Communication

Issue Description:

Ultimately, many of the challenges individuals with intellectual and developmental disabilities (I/DD) and families experience in obtaining support and services have their root in an inadequate line of communication between state agencies, policymakers, and individual and family advocates.  Well before the state decides to implement new policies, there must be regular, in-depth, and systematic communication with the individuals and families who will be affected by the system of policy changes in question.

Messaging to individuals with I/DD and families should be written in clear and cognitively accessible language. Input from individuals and families should be actively sought.  Far too many families have not even a vague idea of how the “system” works, let alone how to successfully navigate it.  Messaging should also be available in multiple languages.

It is important for the state to understand that individuals with I/DD and their families are the state’s greatest asset in terms of gaining a greater understanding of what works and what does not work.  The state should further utilize advocacy groups such as the Regional Family Support Planning Councils, the Family Advisory Council, and an as-yet-to-be-established Self-Advocate Advisory Council as a way of disseminating information and obtaining direct feedback from our community.

  1. Many of the challenges individuals with I/DD and families experience in obtaining supports and services stem from an inadequate line of communication between state agencies, policymakers and individuals and families. Well before the state decides to implement new policies, there must be regular, in-depth and systematic communication with the individuals and families who will be affected by the system and/or proposed policy changes.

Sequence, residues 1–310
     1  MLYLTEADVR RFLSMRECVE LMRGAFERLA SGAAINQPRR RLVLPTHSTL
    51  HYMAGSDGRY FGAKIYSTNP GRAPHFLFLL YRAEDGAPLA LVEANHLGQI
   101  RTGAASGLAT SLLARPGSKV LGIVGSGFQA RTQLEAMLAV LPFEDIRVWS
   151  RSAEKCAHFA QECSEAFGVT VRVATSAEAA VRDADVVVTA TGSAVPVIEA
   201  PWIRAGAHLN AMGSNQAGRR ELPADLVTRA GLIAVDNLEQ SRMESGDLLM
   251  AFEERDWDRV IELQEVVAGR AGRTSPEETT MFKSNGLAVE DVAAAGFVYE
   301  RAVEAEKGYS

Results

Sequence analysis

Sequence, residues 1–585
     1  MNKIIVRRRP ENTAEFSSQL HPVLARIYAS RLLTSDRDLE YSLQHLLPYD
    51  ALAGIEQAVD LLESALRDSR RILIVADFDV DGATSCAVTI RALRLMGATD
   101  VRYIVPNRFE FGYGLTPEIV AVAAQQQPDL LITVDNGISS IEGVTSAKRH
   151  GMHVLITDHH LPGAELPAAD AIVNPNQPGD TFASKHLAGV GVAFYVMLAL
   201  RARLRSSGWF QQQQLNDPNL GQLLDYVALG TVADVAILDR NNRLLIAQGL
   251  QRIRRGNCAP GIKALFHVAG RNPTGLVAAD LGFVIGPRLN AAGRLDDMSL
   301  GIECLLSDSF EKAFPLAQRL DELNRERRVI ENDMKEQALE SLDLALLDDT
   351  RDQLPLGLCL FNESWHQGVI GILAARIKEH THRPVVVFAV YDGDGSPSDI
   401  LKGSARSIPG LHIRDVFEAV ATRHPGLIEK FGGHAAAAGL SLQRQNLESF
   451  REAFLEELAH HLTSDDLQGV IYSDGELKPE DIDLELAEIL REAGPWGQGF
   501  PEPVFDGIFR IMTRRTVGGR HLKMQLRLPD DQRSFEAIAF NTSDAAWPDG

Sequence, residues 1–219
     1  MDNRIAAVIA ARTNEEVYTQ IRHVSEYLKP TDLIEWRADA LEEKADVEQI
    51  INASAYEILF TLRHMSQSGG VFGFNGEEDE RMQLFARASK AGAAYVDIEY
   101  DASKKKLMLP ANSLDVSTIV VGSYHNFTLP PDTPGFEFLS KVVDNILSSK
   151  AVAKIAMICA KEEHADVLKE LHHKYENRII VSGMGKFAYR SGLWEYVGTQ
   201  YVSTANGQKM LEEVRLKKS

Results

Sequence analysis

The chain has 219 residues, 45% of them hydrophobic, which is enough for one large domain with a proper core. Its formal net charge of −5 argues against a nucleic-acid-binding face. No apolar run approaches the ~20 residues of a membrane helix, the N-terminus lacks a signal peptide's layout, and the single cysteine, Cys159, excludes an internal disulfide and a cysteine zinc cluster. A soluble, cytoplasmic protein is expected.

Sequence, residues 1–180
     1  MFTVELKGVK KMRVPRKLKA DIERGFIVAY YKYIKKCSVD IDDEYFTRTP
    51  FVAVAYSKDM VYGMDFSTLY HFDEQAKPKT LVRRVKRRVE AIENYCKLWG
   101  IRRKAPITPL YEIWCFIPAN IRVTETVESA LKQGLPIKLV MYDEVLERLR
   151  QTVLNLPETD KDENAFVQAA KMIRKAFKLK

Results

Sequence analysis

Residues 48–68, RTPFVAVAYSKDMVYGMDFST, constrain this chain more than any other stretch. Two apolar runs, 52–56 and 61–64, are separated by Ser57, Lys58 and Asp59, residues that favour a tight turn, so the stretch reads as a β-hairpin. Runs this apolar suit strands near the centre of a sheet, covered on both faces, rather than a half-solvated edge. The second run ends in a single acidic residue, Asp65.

2. Messaging to individuals with I/DD and families should be written in clear and cognitively accessible language with input by individuals and families. Far too many families have no idea how the “system” works, let alone how to successfully navigate the system.  Messaging should also be available in multiple languages.
  3. It is important for the state to understand that individuals with I/DD and their families are the state’s greatest asset in terms of gaining a greater understanding of what works and what does not work. The state should further utilize advocacy groups such as the Regional Family Support Planning Councils and the Family Advisory Council, and recently established Self Advocate Advisory group as a way to gather input, disseminate information and obtain direct feedback from our community.

Issue Action Items:

The DDAN Communication Committee continues to recognize the importance of improving communication and interaction between Division of Developmental Disabilities (DDD) within the Department of Human Services (DHS) and the Children’s System of Care (CSOC) within the Department of Children and Families (DCF).  In order to improve communication; we make the following statements/recommendations:

Division of Developmental Disabilities (DDD)

  1. Use effective and timely communication. Examples include but are not limited to:
    1. Send announcement letters to all individuals, parents and guardians prior to major changes
    2. Inform and educate Support Coordinators about upcoming changes prior to implementation, or at least simultaneously
    3. Monitor DDD’s performance on information dissemination
  2. Continue formal monthly meetings with the Family Advisory Council (FAC)
    1. Rotate agenda focus each month between DDD and FAC
    2. Review all proposed policy chances and new policy implementation with the FAC
    3. Accept FAC policy changes and provide direct feedback as to what will be accepted and if feedback is not accepted, provide specific reasons for rejecting suggestions
    4. Provide FAC with pertinent background materials when suggesting policy changes and review pertinent background materials the FAC may provide